Next we claim that
\begin{equation}
\hbox{if}\quad x\in \mathbb{K}\quad \hbox{and}\quad
\|x\|=K,\quad \hbox{then}\quad
\|Tx\|0$.
If $b(S,M)\le \lambda< B(K))$,
then there is a positive, nondecreasing and concave solution $x$ of the boundary value
problem (\ref{1.1})-(\ref{1.3}) such that $K<\|x\|M$.
To do this we proceed as in Theorem \ref{thm3.1} and obtain (3.6).
Now, if for some $\eta'\in I$ equality holds, we must have $h_0
(\eta)>\frac{S}{M}$ and
$$ \int_0^{\eta} q_0 (s)f_0 (x(s), x(h_0 (s)))R(s)ds=0
$$
for all $\eta\in [\eta', 1]$. Since $q_0(s)\ge 0$ and $q_0(1)>0$
it follows that for all $s$ close to $1$ it holds
$$f_0(x(s), x(h_0(s)))=0
$$
and so, by our hypothesis we have $x(h_0(s))=0$ for all $s>0$ close to $1$.
This gives $h_0(s)=0$, because of Fact \ref{fact1.2}, hence, by continuity,
$h_0(1)=0$, a contradiction.
Therefore in (3.6) we have the strict inequality. Since both sides are
continuous functions of
$\eta$, it follows that (3.7) holds as a strict inequality,
which contradicts to $b(S,M)\le\lambda$.
Now the result follows as in Theorem \ref{3.1}.\qed
\begin{theorem} \label{thm3.3}
Assume that $p,g,f_j ,q_j ,h_j$, ($j=0,\dots ,k$) satisfy (H1)-(H6) and
moreover assume that there is an index $j_1\in\{1,\dots ,k\}$ such that
$\mathop{\rm meas}\{s\in I: q_{j_1} (s)\ne 0\}>0$ and
for all $u\in (0,K]$ and
$v\in (0,u]$ it holds
\begin{equation}
f_{j_1}(u,v)M$. It remains to show
that if $x\in \mathbb{K}$ and $\|x\|=K$, then $\|Ax\|0 $
with $\mu+\nu>1$. Also consider the constants $\xi$ and $\zeta$ as
in Theorem \ref{thm3.1}. Here we have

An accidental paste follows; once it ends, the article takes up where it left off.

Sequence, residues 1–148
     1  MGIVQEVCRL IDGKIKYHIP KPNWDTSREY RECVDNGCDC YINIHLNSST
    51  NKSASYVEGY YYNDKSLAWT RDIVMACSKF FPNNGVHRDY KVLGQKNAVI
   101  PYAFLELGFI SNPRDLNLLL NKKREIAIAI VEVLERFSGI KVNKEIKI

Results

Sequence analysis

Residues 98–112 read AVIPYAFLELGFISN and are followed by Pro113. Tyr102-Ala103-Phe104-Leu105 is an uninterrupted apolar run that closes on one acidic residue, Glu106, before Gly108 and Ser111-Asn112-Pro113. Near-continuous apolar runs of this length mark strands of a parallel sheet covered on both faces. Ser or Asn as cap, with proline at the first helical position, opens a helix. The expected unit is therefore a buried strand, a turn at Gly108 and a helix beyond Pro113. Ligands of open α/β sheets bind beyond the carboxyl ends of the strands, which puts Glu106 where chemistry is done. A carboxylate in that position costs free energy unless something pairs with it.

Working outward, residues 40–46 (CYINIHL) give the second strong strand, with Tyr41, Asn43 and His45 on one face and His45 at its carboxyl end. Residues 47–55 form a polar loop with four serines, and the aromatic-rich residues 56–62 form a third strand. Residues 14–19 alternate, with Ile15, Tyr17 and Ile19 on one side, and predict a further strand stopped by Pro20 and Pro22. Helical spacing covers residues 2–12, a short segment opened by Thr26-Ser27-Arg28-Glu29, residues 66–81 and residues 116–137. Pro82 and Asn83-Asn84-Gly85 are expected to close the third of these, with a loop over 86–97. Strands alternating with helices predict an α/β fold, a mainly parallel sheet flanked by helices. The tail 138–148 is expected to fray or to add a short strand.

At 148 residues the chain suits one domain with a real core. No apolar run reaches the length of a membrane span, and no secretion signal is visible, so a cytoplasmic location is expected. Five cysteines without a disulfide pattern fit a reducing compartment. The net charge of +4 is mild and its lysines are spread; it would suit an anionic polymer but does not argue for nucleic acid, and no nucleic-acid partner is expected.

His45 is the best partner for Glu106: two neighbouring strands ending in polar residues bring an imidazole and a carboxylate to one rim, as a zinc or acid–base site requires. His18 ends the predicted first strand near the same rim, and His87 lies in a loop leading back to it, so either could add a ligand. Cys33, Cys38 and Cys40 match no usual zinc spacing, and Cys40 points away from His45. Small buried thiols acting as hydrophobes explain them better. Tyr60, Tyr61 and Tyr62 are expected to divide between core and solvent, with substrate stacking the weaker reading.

\begin{gather*}
f_0(u,v)=\phi(u,v)=\Phi (u,v):=u^{\mu}v^{\nu}, \\
f_1(u,v):= |sin(uv)|u^{\mu-1}v^{\nu-1}.
\end{gather*}
Take any constants
$\epsilon, \Theta$ such that $0<\epsilon\zeta <\Theta\xi <+\infty$ and consider
constants $K,S(>0)$ so that
$$ K^{\mu+\nu-1}<(\Theta\xi)^{-1}<(\epsilon\zeta)^{-1}~~S$. Then observe that $L_1=1$, as well as
$$ b(S,M)=\frac{1}{\zeta}\sup_{u\in [S,M]}\frac{u}{\Phi(u,u)}
=\frac{1}{\zeta}\sup_{u\in [S,M]}\frac{1}{u^{\mu+\nu-1}}
=\frac{1}{\zeta}\frac{1}{S^{\mu+\nu-1}}<\epsilon
$$
and
$$ B(K)=\frac{1}{\xi}\frac{1}{K^{\mu+\nu-1}}>\Theta.
$$
Since $\epsilon, \Theta$ are arbitrary, we have the following statement.
\begin{corollary} \label{coro5.1}
Assume that $g,h:I\to \mathbb{R}$ are nondecreasing functions (with $h$
not identically zero) and such
that $g(1)-g(0)<1$ and $0\le h(t)\le t$, $t\in I$.
Then for every $\lambda >0$ the boundary value problem
(5.1),(\ref{1.2}),(\ref{1.3}) admits at least one positive, nondecreasing and
concave solution $x$ such that $K<\|x\|0$, with $$K^{m+1}+\rho K^{n+1}<\frac{1}{4}(1+\rho)$$ and any
$\lambda$ such that
$$ \frac{8(1-\delta)}{1+\rho}\le\lambda<\frac{2(1-\delta)}{K^{m+1}+\rho
K^{n+1}},
$$
the boundary value problem (5.2), (\ref{1.2}), (5.3) admits
at least one solution $x$ which is a positive, nondecreasing and
concave function such that $K<\|x\|<2$.
\end{corollary}